Cruisers Forum Supporter

Join Date: Aug 2009
Location: Solent, England
Boat: Moody 31
Posts: 8,583
Images: 14
Re: How Much Solar

125w will support us at anchor for over 5 days in strong sunlight. Usage is fridge, laptops and lights etc so 30 - 40 AH a day from 220AH house bank. We start going negative when it's cloudy though. However, running the webasto heating takes its toll with an extra 40 AH each night.

Pete
__________________
Moody 31 - April Lass
Pete7 is offline   Reply With Quote
Old 15-08-2012, 06:40   #7
Moderator
 
noelex 77's Avatar

Cruisers Forum Supporter

Join Date: Jul 2007
Location: Living on dirt waiting for our new yacht to be built.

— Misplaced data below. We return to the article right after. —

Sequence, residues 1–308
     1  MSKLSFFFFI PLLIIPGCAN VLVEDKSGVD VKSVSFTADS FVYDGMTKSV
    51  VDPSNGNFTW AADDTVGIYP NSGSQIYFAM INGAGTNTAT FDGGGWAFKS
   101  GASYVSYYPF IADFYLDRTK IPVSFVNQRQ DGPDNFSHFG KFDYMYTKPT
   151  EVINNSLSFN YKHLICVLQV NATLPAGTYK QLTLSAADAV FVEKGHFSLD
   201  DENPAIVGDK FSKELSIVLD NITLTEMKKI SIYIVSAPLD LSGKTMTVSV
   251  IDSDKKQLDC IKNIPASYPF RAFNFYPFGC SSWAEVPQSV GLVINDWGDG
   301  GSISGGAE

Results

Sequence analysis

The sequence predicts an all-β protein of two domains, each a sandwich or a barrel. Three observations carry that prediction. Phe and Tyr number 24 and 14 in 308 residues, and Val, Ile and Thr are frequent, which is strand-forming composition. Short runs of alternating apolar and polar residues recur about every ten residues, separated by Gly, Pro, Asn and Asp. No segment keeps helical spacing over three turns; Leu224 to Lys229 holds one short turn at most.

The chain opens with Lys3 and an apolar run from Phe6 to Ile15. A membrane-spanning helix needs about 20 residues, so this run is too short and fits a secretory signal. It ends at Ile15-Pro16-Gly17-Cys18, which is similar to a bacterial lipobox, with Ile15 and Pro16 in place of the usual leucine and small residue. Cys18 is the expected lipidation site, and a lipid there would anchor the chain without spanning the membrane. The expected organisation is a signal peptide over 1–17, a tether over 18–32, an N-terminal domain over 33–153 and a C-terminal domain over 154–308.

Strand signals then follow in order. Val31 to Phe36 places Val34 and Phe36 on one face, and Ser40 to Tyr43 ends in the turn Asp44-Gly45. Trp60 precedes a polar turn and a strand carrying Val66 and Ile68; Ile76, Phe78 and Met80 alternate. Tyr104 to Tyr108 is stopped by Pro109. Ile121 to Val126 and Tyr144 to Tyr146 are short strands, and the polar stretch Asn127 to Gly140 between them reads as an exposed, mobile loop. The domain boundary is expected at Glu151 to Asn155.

Boat: Half built Bestevaer.
Posts: 10,619
Re: How Much Solar

The calculations usually work out quite accurate, but some real world examples are a good idea.

330w of solar.

Run all the normal stuff plus small Watermaker. In the Med heaps of power in summer, but need to careful in the winter and often don't run the fridge. It's cold enough already.
__________________
noelex 77 is offline   Reply With Quote
Old 15-08-2012, 06:55   #8
Registered User

Join Date: Mar 2007
Location: On the hook in Florida
Boat: Tayana V42 - Passages
Posts: 504
Re: How Much Solar

Consumption is a bit over 100AH daily. Big reefer and freezer with holding plates. 390 watts of panels on an MPPT controller keeps up in Florida and the Bahamas.
__________________
Trying to live on 20th century money in the 21st century.
jcapo is offline   Reply With Quote
Old 15-08-2012, 06:59   #9
Registered User

Join Date: Jul 2006
Location: Underway in the Med -